Hurry back, Jacinda, as Peters has another dig at Australia

Hurry back, Jacinda, as Peters has another dig at Australia

New Zealand acting prime minister, Winston Peters, has publicly directed more criticism at Australia this week.

 
 

Peters and justice minister Andrew Little effectively echoed each other’s sentiment earlier this month, on the back of a rise in the deportation of long-term Australian residents who are not citizens. This has taken place since 2014, on the grounds of “character”.

“The reality is we want New Zealanders to get the same treatment an Aussie would get if they were being charged with an offence. That is a trial, before you’re booted off shore. There has never been a time since 1945 that our two countries have needed each other more,” said Peters recently.

“And, I really mean it. We’ve got security of all the Pacific to look at. We are senior nations with a chance to shape the Pacific and its security and its wealth. We’d better be mindful of our relationships between ourselves.”

Peters is standing in for prime minister Jacinda Ardern, who is on maternity leave, and was referencing the case of Ko Haapu, who was living in Perth when the laws were passed three years ago.

An ex-New Zealand soldier, Haapu was deemed to be of good enough character to join the personal security detail of then Kiwi prime minister John Key, during 2010’s Afghanistan visit.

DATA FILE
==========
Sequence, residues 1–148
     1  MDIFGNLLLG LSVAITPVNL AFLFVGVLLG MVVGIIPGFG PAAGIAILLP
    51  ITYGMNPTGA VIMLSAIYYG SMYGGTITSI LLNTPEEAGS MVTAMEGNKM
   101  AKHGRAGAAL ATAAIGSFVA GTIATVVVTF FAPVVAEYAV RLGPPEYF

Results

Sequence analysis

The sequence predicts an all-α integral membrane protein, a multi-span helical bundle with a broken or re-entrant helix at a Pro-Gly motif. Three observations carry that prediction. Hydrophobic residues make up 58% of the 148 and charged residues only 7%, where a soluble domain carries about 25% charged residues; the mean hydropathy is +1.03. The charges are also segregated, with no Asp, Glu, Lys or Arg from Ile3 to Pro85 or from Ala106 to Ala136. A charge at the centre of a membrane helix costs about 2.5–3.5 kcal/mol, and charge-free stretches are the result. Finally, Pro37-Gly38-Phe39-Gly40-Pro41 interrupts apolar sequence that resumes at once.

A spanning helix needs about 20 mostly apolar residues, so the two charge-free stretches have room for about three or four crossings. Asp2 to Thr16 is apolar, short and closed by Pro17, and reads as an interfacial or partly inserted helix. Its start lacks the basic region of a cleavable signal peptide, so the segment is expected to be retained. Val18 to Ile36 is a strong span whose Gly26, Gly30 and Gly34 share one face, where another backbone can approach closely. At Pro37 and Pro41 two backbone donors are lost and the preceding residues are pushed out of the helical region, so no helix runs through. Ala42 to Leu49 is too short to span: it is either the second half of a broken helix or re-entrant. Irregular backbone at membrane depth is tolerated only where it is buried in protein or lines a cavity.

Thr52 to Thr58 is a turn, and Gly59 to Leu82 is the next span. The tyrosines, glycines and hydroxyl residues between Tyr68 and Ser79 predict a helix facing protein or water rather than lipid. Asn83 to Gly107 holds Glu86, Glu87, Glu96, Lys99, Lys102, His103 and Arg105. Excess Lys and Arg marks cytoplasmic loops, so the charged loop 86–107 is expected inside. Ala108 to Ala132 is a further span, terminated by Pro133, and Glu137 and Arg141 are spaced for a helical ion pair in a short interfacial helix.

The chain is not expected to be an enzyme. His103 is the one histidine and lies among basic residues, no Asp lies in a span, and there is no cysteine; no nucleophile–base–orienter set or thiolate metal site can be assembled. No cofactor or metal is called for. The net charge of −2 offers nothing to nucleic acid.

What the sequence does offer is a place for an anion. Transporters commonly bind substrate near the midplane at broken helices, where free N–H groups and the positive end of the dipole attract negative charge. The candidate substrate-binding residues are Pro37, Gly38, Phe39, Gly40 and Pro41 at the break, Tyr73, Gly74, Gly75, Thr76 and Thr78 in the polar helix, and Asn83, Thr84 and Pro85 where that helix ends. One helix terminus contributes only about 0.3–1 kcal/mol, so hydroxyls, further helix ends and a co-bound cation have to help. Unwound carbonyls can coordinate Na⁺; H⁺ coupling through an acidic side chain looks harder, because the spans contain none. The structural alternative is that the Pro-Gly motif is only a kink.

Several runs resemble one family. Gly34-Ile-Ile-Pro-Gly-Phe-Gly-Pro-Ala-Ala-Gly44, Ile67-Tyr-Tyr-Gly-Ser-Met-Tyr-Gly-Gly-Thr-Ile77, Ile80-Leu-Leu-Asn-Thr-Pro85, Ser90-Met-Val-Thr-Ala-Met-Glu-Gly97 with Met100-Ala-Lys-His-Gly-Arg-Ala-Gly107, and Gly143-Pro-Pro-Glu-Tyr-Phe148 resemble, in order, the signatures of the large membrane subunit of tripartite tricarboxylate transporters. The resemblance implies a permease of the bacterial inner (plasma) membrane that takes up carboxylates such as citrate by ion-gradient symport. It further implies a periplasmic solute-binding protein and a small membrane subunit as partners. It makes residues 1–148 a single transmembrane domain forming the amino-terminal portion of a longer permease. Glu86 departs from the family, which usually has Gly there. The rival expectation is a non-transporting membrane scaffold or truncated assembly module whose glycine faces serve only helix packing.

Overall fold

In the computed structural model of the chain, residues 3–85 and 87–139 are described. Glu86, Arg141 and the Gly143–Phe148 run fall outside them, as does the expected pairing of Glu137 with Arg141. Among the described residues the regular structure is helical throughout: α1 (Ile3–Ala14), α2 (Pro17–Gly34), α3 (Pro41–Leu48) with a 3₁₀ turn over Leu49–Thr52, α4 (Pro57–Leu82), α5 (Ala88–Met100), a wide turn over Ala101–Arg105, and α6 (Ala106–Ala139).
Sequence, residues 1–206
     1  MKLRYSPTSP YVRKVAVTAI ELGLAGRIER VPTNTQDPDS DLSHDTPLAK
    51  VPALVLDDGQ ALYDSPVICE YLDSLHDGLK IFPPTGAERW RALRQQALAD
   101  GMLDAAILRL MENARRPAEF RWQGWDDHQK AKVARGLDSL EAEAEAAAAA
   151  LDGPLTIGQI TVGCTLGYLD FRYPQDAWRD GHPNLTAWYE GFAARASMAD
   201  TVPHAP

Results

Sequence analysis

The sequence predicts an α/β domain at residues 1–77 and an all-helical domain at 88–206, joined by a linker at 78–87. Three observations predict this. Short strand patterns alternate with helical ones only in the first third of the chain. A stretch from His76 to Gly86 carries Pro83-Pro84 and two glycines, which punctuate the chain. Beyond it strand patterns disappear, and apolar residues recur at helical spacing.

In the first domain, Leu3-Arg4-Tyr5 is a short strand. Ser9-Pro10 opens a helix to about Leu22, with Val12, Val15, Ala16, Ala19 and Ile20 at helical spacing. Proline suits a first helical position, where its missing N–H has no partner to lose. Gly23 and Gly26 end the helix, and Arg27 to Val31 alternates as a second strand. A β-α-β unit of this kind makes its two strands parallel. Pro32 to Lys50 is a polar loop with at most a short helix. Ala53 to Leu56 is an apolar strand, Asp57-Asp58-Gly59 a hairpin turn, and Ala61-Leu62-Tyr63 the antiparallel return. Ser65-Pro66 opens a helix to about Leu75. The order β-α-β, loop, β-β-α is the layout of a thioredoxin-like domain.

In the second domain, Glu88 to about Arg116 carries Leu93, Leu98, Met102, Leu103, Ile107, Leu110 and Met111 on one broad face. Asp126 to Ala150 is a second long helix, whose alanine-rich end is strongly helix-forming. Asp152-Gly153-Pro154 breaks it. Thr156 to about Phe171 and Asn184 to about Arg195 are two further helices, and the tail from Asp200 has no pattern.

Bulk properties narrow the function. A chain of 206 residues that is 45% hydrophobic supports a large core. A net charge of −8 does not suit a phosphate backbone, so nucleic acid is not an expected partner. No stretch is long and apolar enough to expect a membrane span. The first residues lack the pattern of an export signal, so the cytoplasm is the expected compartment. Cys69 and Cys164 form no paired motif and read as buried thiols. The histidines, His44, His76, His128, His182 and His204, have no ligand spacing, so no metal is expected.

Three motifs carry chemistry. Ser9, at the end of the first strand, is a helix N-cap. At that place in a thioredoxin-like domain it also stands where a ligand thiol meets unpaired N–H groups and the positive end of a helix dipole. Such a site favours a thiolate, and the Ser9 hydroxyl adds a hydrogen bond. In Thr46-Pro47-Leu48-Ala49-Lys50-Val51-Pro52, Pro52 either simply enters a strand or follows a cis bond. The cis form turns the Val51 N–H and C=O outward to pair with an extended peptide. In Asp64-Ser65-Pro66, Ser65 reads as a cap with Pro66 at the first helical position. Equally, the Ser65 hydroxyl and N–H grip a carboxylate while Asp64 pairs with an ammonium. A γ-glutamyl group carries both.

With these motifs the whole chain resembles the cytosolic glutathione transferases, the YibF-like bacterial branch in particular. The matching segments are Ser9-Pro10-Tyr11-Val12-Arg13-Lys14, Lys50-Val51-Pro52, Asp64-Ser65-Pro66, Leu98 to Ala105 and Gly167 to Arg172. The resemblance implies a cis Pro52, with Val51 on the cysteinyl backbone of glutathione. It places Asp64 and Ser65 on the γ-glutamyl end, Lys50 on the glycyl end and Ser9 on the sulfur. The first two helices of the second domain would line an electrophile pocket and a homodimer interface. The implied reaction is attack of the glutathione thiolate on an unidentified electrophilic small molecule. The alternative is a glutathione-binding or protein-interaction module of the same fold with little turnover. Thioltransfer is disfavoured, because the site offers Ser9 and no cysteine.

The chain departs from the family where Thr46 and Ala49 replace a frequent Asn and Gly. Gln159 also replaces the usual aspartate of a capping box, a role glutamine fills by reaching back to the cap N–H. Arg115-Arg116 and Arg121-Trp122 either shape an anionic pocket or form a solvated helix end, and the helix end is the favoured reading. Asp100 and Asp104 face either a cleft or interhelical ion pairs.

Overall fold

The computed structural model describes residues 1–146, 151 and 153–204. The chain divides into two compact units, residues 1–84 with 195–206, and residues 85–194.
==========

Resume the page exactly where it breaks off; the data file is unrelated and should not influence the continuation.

Haapu was later arrested, not charged, but deported after his involvement in the Rebels motorcycle gang. The gang, though notorious, is not illegal.

Now, Peters reckons Australia are “copying” the New Zealand flag.

He wants the Aussies to change their flag because it is too similar to the Kiwis’.

“We had a flag that we’ve had for a long time, copied by Australia, and they should actually change their flag and honour the fact that we got there first with this design, being decided by a prime minister and his legacy,” Peters told TVNZ.

Back in 2016, he stated: “One argument used against our flag is that it is too like Australia’s, which borrowed our design in the first place.

“However, since Australian political leaders have recently signed to have their own head of state it is Australia that will have to change its flag, and soon. That will rightly restore our flag to being unique as it was in the beginning.”

 
 

 
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